• Agreement that the UN Office for Disaster Risk Reduction and the UN Office for Project Services will host the secretariat of the Santiago Network for Loss and Damage. This platform will catalyse technical assistance to developing countries that are particularly vulnerable to the adverse effects of climate change.
  • Parties agreed on targets for the Global Goal on Adaptation (GGA) and its framework, which identify where the world needs to get to in order to be resilient to the impacts of a changing climate and to assess countries’ efforts. The GGA framework reflects a global consensus on adaptation targets and the need for finance, technology and capacity-building support to achieve them.
  • The Green Climate Fund (GCF) received a boost to its second replenishment with six countries pledging new funding at COP28, with total pledges now standing at a record USD 12.8 billion from 31 countries, with further contributions expected.
  • Eight donor governments announced new commitments to the Least Developed Countries Fund and Special Climate Change Fund totalling more than USD 174 million to date, while new pledges, amounting to almost USD 188 million so far, were made to the Adaptation Fund at COP28.
  • Discussions continued on setting a “new collective quantified goal on climate finance” in 2024, taking into account the needs and priorities of developing countries. The new goal, which will start from a baseline of USD 100 billion per year, will be a building block for the design and subsequent implementation of national climate plans that need to be delivered by 2025.
  • Agreement that the mitigation work programme, which was launched at COP27 last year, will continue until 2030, with at least two global dialogues held each year.
  • UN Climate Change is developing the transparency reporting and review tools for use by Parties, which were showcased and tested at COP28. The final versions of the reporting tools should be made available to Parties by June 2024.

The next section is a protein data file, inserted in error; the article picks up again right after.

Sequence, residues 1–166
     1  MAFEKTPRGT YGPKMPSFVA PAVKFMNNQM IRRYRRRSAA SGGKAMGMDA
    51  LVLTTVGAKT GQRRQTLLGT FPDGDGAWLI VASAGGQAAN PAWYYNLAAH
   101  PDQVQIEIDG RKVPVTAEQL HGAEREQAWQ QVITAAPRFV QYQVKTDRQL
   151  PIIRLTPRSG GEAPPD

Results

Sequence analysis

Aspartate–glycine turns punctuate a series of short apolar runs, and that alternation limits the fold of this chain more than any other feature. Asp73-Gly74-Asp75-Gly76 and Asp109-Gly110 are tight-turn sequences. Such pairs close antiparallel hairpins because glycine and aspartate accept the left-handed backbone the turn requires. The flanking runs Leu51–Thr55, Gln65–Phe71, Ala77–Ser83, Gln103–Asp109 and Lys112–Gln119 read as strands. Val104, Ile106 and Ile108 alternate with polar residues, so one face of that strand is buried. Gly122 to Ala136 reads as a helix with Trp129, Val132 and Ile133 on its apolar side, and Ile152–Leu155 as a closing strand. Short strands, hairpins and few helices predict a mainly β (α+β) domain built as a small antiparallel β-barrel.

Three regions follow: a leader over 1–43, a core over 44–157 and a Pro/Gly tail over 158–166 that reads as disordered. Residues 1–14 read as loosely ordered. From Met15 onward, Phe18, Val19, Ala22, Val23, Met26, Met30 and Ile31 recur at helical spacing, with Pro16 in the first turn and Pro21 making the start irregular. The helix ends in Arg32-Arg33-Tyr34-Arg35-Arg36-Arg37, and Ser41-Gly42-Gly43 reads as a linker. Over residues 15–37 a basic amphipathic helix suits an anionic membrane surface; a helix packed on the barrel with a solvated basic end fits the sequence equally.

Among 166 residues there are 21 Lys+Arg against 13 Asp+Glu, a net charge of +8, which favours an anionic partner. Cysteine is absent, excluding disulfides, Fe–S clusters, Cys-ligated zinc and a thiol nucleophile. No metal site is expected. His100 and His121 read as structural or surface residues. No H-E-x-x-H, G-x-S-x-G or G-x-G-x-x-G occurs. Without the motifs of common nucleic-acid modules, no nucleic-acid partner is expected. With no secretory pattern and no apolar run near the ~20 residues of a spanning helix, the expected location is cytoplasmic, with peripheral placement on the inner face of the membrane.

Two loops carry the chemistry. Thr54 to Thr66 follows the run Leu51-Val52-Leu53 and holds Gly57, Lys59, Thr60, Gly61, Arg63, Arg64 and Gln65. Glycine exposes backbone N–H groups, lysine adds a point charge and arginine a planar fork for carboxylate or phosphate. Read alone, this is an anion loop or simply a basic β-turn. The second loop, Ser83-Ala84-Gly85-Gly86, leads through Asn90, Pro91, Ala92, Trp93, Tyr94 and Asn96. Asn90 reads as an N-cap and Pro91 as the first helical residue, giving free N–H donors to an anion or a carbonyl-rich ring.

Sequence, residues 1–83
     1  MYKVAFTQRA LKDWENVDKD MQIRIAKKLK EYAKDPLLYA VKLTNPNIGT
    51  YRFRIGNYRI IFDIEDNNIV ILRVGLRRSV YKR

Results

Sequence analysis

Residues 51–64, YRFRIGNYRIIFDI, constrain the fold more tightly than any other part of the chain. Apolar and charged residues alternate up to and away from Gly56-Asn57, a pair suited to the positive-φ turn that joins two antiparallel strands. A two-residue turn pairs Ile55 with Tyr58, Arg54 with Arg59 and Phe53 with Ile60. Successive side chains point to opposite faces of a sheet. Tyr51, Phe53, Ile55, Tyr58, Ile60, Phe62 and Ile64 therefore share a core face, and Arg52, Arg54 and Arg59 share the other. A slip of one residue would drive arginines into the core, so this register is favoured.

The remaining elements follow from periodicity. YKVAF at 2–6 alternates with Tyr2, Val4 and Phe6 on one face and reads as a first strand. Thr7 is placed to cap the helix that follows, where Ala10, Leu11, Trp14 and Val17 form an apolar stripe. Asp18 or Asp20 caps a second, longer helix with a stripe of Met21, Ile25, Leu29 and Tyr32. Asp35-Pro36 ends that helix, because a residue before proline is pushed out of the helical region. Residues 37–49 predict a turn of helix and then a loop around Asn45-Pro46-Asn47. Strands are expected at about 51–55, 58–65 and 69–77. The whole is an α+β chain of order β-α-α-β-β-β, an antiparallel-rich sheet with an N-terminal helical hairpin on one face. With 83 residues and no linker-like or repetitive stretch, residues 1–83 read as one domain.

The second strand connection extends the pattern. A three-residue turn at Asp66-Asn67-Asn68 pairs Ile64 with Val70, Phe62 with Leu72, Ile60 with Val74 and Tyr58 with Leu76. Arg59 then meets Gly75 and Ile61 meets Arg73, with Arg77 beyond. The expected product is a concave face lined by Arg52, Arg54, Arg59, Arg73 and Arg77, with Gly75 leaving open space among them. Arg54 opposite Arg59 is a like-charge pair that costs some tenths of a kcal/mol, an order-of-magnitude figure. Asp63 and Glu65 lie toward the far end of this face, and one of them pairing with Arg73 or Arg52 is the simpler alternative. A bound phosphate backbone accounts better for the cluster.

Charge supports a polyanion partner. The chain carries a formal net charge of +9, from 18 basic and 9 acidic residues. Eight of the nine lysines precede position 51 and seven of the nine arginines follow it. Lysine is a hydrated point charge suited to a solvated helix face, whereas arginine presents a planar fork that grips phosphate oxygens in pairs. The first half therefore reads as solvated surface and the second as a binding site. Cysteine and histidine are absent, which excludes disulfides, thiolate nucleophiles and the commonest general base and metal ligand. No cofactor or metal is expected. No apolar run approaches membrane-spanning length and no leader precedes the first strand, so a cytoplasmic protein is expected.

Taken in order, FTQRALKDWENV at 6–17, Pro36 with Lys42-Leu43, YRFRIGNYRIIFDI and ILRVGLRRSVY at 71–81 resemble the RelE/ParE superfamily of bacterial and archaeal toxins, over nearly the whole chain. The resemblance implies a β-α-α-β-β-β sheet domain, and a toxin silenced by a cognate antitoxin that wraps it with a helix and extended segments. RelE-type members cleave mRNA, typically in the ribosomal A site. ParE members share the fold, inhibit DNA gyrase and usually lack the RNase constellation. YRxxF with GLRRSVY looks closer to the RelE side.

As highlighted in the global stocktake, the financial pledges made at COP28 are far short of the trillions of dollars eventually needed to support developing countries with clean energy transitions, implementing their national climate plans and adaptation efforts.

In order to deliver such funding, the global stocktake underscores the importance of reforming the multilateral financial architecture, and accelerating the ongoing establishment of new and innovative sources of finance.

COP28 also saw Parties agree to Azerbaijan as host of COP29 from the 11th-22nd November 2024, and Brazil as COP30 host from the 10th-21st November 2025.

The next two years will be critical. At COP29, governments must establish a new climate finance goal, reflecting the scale and urgency of the climate challenge. And at COP30, they must come prepared with new nationally determined contributions that are economy-wide, cover all greenhouse gases and are fully aligned with the 1.5°C temperature limit.

(UNFCCC/Germanwatch/World Vision/ile)

Read more on the UNFCCC website